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JEFFERSON CITY, Mo. (AP) - A Missouri Senate committee has endorsed a 1-cent sales tax increase to fund transportation projects.
   
The proposed constitutional amendment passed the House earlier this month. It was adopted by the Senate Transportation and Infrastructure Committee on Thursday with a 6-1 vote.
 
 If passed by the full Senate, the measure would head to the November ballot for voter approval. The tax is estimated to generate $800 million annually and $8 billion over its 10-year lifespan.
 
 The lone "no" vote on the Senate panel was Republican Sen. John Lamping, who led the fight against similar legislation last year. He says Republicans are sending a mixed message by raising sales taxes, while also passing an income tax cut this year.
 
Supporters say the tax is necessary for Missouri to maintain its highway system.
   
 
Published in Local News
JEFFERSON CITY, Mo. (AP) - Missouri could award additional tax credits for donations to pregnancy resource centers, food pantries and maternity homes under legislation endorsed by the Missouri Senate.
 
Under the bill given first-round approval Tuesday, the current annual tax credit cap would increase by $500,000 for all three programs. The pregnancy and maternity center tax credits would be limited to $2.5 million per year and the food pantry program would be capped at $1.75 million annually.
 
The legislation would also expand an existing tax credit program to apply toward donations for programs that provide food for students during non-school hours. That credit would be capped at $500,000 per year.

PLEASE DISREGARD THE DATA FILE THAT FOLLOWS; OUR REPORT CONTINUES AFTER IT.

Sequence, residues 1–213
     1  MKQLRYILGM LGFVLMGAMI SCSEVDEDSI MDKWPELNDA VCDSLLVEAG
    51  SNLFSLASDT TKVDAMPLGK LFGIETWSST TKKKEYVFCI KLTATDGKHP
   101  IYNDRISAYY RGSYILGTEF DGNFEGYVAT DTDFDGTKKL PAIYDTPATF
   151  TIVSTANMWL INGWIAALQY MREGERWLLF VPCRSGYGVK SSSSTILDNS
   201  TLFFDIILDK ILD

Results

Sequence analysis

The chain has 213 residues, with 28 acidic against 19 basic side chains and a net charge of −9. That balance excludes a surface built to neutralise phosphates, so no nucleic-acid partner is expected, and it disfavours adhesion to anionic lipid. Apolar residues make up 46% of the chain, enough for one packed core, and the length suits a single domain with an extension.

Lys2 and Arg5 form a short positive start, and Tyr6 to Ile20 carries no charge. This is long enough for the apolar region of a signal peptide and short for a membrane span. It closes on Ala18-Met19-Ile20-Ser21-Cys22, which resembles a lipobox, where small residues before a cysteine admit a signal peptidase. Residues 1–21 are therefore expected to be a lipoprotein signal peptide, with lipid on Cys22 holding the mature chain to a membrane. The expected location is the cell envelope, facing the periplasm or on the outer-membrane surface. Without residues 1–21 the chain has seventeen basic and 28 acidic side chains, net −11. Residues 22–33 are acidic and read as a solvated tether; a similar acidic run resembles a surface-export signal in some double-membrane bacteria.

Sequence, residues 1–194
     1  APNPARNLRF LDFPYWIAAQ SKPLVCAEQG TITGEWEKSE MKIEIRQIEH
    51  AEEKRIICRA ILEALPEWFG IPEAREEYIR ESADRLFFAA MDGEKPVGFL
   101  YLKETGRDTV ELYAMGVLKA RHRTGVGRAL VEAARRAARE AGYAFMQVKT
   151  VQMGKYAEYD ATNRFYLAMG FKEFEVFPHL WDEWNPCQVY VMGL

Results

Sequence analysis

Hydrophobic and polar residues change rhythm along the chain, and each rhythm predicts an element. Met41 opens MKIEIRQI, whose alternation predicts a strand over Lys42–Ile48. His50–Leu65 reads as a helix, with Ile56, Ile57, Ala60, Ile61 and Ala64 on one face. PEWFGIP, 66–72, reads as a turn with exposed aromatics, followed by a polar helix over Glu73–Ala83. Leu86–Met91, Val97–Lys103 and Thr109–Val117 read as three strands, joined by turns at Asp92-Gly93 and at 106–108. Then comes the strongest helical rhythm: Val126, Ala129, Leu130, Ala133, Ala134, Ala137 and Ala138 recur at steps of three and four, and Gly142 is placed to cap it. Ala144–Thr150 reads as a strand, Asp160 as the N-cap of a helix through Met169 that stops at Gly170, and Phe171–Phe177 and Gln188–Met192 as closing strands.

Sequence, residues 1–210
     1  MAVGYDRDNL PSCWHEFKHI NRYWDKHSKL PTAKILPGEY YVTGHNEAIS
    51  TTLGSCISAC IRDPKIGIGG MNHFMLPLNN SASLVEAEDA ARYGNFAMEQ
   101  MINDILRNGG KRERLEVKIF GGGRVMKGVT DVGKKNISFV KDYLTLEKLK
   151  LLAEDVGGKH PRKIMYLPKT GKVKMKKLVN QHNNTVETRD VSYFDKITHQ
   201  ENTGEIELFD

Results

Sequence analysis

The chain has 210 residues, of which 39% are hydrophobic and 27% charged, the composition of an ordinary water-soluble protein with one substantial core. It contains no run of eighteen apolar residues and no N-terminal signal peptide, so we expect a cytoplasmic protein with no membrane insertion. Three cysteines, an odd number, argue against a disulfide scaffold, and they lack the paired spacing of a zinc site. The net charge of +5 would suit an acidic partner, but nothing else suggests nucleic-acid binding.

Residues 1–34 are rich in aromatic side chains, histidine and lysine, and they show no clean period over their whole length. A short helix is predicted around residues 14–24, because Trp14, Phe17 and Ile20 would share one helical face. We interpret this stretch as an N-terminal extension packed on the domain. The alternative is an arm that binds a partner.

The measure needs one more vote before moving to the House.
 
 
Published in Local News
JEFFERSON CITY, Mo. (AP) - The Missouri Senate majority leader says the chamber could debate ethics legislation this week that would curb lobbying.
 
The bill would make lawmakers wait two years after their terms expire before registering as lobbyists. It would require lobbyists to report expenditures within 48 hours and would prohibit out-of-state spending on travel, lodging, food and entertainment.
 
Another provision would bar legislators from serving as paid political consultants to fellow lawmakers.
 
Missouri is the only state to allow the trio of unlimited contributions to candidates, unlimited gifts from lobbyists and no waiting period before an elected official can lobby.
Published in Local News
JEFFERSON CITY, Mo. (AP) - A task force would be charged with trying to bring the Super Bowl to Kansas City under a resolution passed by the Missouri Senate.
 
The Senate voted unanimously Thursday to send the measure to the House. If adopted there, the state Department of Economic Development would be asked to form a group to "examine what measures need to be taken" for Kansas City to host the game.
 
Resolution sponsor Sen. Paul LeVota, of Independence, says Arrowhead Stadium's $350 million renovation in 2010 would help make it an attractive venue.
 
The most recent Super Bowl was played in an outdoor stadium in East Rutherford, N.J. The 2015 game will be played in Phoenix.
 
 
 
Published in Local News
JEFFERSON CITY, Mo. (AP) - County governments could legally assemble lists of sick and disabled residents under legislation endorsed by the Missouri Senate.
 
The bill given, initial approval Wednesday, would allow creation of voluntary registries of people with "health-related ailments."  The purpose would be to identify people who may need help in disasters or emergencies.
Sponsoring Sen. Eric Schmitt, of suburban St. Louis, said the lists could help save lives.
   
The lists would remain closed records. But if a disaster or emergency affected someone on a list, an incident report could be made public.  The legislation needs another Senate vote to move to the House.
 
 
Published in Local News
   JEFFERSON CITY, Mo. (AP) - In case there was any doubt, several Republican state senators are making it clear that there will be no expansion of Medicaid eligibility this year in Missouri.